Discretion may be the better part of valour, but it is the worst part of a memoir.
Kate Fall was David Cameron’s deputy chief of staff for 11 years, first in opposition and then in Government. Her desk was positioned outside Cameron’s door so she became known as The Gatekeeper.
By all accounts, she was good at her job. In his own disappointing memoirs, David Cameron praised her highly: ‘I valued her emotional intelligence and judgement more than anyone’s.’ She clearly has a story to tell.
In his own disappointing memoirs, David Cameron praised Kate Fall highly: ‘I valued her emotional intelligence and judgement more than anyone’s’
But will she tell it? ‘I wrote this book with the hope that it would shed some light on the world behind the public facade,’ she writes on page one. ‘The “blood, sweat and tears”. The chaos and camaraderie. The friendships and fall-outs. The victories and regrets. I want to share with others what it is like behind that famous door of Number 10.’
Bizarrely, four pages later, she repeats the same passage, with the words slightly rearranged. Has her computer’s copy-and-paste mechanism gone berserk? ‘I wrote in the hope that I could shed some light on the world behind the facade of politics, to share with others what it is like behind that famous door. The blood, sweat and toil. The chaos and comradery. The victories and regrets. The friendships and fallings-out.’
So she promises a lot. But there is always a tension in political memoirs. The author wants to boast about what went right, while the reader wants to hear what went wrong. True to her reputation for good manners, Fall is careful to highlight the friendships over the fallings-out, and the camaraderie over the chaos.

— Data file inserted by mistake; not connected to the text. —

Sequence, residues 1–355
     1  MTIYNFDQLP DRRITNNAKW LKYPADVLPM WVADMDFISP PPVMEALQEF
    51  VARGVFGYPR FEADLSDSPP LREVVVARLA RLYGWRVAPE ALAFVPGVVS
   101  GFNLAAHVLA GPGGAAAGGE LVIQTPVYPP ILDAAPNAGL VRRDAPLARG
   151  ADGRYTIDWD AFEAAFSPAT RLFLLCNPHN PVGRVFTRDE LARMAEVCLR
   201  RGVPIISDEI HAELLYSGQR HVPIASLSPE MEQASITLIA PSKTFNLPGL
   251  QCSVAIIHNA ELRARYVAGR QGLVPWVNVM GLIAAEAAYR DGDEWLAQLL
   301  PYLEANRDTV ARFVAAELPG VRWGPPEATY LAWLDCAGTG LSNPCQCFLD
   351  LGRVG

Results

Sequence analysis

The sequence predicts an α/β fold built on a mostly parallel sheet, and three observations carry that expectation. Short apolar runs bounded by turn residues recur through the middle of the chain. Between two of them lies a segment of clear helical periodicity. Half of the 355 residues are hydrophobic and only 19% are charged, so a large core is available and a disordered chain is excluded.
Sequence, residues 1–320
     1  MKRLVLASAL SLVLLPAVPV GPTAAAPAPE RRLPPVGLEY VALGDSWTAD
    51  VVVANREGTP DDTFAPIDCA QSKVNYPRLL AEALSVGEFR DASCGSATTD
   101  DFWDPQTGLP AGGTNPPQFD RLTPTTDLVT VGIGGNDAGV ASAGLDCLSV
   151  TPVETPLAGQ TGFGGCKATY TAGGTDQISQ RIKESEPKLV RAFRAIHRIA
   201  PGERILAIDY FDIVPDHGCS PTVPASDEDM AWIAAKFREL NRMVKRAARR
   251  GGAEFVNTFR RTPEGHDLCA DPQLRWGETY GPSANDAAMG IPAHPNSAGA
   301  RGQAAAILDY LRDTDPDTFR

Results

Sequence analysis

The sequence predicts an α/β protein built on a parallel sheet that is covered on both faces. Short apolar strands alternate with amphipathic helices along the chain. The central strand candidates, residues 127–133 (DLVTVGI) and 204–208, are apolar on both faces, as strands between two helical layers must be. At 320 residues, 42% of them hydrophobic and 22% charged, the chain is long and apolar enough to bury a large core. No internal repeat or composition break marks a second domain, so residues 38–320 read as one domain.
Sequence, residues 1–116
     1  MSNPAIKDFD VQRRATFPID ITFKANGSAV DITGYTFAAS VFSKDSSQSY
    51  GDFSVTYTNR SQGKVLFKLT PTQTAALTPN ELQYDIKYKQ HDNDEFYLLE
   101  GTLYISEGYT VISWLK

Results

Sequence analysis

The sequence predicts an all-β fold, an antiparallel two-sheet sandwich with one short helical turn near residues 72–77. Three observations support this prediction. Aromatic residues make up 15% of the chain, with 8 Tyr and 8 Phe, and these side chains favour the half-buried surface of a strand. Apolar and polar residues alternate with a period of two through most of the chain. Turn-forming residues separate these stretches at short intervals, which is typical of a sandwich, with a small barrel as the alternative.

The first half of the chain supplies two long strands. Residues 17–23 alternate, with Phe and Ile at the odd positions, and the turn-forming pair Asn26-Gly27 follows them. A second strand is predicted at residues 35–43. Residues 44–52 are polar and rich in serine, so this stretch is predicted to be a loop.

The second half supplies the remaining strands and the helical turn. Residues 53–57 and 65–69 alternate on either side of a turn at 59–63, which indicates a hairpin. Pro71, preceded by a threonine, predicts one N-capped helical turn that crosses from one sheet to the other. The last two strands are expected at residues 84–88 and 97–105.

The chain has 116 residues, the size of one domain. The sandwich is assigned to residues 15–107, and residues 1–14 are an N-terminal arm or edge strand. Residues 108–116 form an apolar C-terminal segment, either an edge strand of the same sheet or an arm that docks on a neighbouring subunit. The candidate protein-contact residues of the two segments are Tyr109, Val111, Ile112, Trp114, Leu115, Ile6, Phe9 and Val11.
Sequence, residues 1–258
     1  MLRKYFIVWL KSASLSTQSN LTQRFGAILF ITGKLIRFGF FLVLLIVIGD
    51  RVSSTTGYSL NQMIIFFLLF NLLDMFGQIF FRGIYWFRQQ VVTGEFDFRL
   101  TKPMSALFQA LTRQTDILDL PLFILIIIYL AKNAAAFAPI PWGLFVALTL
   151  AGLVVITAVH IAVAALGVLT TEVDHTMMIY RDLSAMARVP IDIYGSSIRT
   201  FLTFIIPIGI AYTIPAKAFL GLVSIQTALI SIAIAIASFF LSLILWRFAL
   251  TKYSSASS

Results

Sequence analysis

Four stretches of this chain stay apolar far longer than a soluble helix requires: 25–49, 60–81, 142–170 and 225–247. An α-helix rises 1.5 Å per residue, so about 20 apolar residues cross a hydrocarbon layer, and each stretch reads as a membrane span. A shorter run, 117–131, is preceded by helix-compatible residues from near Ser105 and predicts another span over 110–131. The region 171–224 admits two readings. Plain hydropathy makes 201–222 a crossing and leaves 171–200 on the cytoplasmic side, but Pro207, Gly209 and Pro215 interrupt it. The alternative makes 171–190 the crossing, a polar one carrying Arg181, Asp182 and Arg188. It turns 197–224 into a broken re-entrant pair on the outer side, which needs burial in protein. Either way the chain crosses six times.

Her book has a jolly, can-do, Famous Five air about it, with old chums David and Kate and George (Osborne) and Samantha (Cameron) pictured embarking on their great big adventure. Of their first day in Downing Street, she writes: ‘We are like school children who want to huddle together in a corner and laugh at our good fortune.’ But where was Timmy the dog? Who knows? Perhaps settling in to his new job as Secretary of State for Work and Pensions.
Fall maintains her matey, jolly-good-show tone throughout the book, sometimes against almost insuperable odds. It comes as a surprise to find that the people occupying Harold Macmillan and Rab Butler’s old desks are all hooked on Game Of Thrones, and josh each other with schoolboy nicknames. ‘Where’s Sobsborne?’ asks Prime Minister Cameron, the day after George Osborne has been spotted shedding a tear at the funeral of Margaret Thatcher.
IT’S A FACT
MPs hanging their coats in the cloakroom of the Houses of Parliament will find space for their swords… and at least one MP uses it.
The role of the Famous Five’s wacky, scatterbrained Uncle Quentin, full of madcap theories, is taken by Michael Gove, who eats his breakfast during Cabinet meetings and is forever getting into scrapes. In a particularly funny passage, Gove decides to shed as many trappings of government as possible, and elects to drive himself to work. ‘This is a very noble gesture, with a slight hitch – Michael is a terrible driver. He has come late to it in adulthood, only passing his driving test after the birth of his first child (and following quite a few attempts). He arrives and is shown the car park, which is accessed via a car lift. Only, Michael takes the angle slightly wrong, and the lift doors close on his car when he is halfway in, then – automatically – the doors go forward and back, forward and back, until the car is crushed with Michael in it. Mrs Gove is not best pleased.’
Sadly, such indiscretions are few and far between. For the most part, Fall regards her role as a memoirist as an extension of her job as gatekeeper: to present the polished face of the Cameron administration to the world, and to paper over any unseemly cracks.